Amadeus! What Makes a Human Human?
by Josephine deBois
PageTurner, Press and Media LLC

"'What makes you a better person if you are made in one way and not the other? And how would you even know the difference?'"

Ludwig Mann is a conductor riding the heights of fame and execution in his profession. Organizing orchestras in sell-out live performances and selling popular recordings around the world, life seems to be in the palm of his hand. Still, he is plagued with insecurities and doubt about his work, his life, and his romance. On the one hand is Tiffany Yun, a talented pianist whom he has bound his existence to despite fate and culture keeping them apart. On the other is Josephine deBois, his manager, who has been with him every step of the way and is deeply committed to him. The pressures of being a celebrity and always in demand compound this unsure aspect of his nature, but a deeper, darker secret is hidden from even Ludwig himself.

The reality is that Ludwig is the result of the ultimate experiment, one that serves to prove or disprove that humanity is what it is because of the existence of a soul or some mystical providence. Synthetically created by advanced scientists and backed by powerful church figures, Ludwig is the answer to the question of what makes human beings unique. His creative ability and the romance surrounding him are viewed ultimately as a success by the scientists responsible for him but as blasphemy to their holy benefactors. Desperate to strike all evidence of this disastrous outcome before it can be made public, Ludwig and the people close to him feel the tightening of the conspiracy around them and must fight for their survival as they also develop their own answers to the all-important question of humanity.

Written in a screenplay style and format, many of the scenes that occur in this story come to life with stage direction, film transitions, and the clever use of a soundtrack—all described by the author in between dialogue and exposition. This choice allows the reader to be “ground-level” with the characters, often spending as much time with their feelings and their day-to-day concerns than with the grand conspiracy hanging over the narrative. Indeed, it takes time for this to be revealed to the audience aside from a foreboding introduction, creating a storytelling environment that is often surprising and thrilling to unpack and unfold. Mysterious aspects of characters and unexplained events take their time to rise to the surface, framed initially in a romantic and melodramatic love triangle playing out around Ludwig.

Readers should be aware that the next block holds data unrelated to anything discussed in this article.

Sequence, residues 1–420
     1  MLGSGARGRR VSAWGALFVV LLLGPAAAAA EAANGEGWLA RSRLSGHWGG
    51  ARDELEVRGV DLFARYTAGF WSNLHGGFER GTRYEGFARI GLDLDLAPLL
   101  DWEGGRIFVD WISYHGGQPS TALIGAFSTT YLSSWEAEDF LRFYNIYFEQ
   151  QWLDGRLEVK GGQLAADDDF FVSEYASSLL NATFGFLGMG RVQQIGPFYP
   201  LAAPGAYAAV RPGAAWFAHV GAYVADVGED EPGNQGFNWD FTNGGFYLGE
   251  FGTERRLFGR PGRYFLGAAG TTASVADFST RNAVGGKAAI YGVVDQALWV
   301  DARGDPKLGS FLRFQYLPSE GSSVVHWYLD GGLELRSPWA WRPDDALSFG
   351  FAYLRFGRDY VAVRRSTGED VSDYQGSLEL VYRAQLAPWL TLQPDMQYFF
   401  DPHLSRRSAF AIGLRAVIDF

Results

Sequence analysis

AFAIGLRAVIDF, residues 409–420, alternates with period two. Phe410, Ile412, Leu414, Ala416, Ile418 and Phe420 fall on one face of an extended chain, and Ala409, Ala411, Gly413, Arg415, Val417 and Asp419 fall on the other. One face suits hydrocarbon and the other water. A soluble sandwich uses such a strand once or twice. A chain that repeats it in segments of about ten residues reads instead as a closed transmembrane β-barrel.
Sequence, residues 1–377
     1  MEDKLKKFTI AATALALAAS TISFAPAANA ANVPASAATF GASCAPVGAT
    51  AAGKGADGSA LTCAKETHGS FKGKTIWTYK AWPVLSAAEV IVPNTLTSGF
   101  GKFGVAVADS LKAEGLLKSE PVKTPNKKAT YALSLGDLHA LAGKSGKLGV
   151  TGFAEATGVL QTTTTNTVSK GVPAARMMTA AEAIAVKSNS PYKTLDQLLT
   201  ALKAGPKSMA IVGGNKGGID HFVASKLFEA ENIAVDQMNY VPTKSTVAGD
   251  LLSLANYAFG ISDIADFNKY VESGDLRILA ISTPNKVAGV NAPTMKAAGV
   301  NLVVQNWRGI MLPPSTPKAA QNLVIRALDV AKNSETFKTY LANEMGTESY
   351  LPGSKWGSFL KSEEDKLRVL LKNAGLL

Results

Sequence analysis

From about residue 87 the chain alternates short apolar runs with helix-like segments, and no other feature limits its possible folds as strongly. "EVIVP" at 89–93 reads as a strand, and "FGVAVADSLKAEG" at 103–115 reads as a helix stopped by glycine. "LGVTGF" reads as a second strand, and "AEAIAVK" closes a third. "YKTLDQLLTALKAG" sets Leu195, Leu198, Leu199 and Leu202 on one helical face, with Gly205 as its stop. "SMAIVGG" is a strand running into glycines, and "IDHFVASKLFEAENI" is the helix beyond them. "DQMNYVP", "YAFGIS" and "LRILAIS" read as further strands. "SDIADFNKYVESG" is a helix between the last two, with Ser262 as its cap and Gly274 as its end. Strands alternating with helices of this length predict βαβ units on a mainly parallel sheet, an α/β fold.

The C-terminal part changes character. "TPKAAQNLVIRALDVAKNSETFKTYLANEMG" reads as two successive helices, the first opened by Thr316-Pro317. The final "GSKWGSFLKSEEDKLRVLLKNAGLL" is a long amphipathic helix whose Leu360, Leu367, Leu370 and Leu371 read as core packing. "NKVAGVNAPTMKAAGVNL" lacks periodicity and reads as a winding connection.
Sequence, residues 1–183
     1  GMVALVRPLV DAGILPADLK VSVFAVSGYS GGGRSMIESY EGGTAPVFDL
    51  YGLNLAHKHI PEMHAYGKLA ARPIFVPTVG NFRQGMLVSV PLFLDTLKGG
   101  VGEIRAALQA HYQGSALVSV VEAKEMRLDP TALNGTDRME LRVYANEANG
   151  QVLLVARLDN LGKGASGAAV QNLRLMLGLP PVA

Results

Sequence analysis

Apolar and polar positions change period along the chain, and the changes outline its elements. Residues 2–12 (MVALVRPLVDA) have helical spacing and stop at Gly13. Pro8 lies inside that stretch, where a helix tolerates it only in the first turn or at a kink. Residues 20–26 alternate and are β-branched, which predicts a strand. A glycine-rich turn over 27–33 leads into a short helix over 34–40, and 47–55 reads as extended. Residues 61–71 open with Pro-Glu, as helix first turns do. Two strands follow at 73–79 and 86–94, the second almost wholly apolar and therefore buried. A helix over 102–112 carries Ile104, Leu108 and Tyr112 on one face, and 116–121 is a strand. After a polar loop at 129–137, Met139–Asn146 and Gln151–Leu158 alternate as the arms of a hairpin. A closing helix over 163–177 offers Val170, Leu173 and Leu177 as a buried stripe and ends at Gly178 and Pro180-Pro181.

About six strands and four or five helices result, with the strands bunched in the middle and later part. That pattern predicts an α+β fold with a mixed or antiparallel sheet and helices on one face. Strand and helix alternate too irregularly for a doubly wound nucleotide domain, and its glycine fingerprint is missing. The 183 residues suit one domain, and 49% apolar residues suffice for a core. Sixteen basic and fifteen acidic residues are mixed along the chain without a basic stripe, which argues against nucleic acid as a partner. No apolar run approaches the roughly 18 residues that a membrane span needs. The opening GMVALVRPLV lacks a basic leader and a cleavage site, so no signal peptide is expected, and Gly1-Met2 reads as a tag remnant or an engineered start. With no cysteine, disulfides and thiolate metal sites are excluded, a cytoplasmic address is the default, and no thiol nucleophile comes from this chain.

That choice is an intelligent narrative touch that prevents this from being another science fiction story bogged down in the how and instead presents itself as a more human drama about the who and why. There is definitely plenty of both to satisfy readers of either genre, but the focus on what the existence of a synthetically created human being would do to the psyche of the world as well as the people involved in his creation and life asks a lot of fascinating questions and gives them to the reader to consider as well. The read itself is brisk, stylish, full of high society living and all of the flourishes of cinematic post-production, such as the cinematography and musical backing integrated directly into the story itself. Just like the unlikely marriage of the conspirators coming from both the scientific and religious communities, this story intersects art and science, facts and feelings in a way that excites all of the senses.

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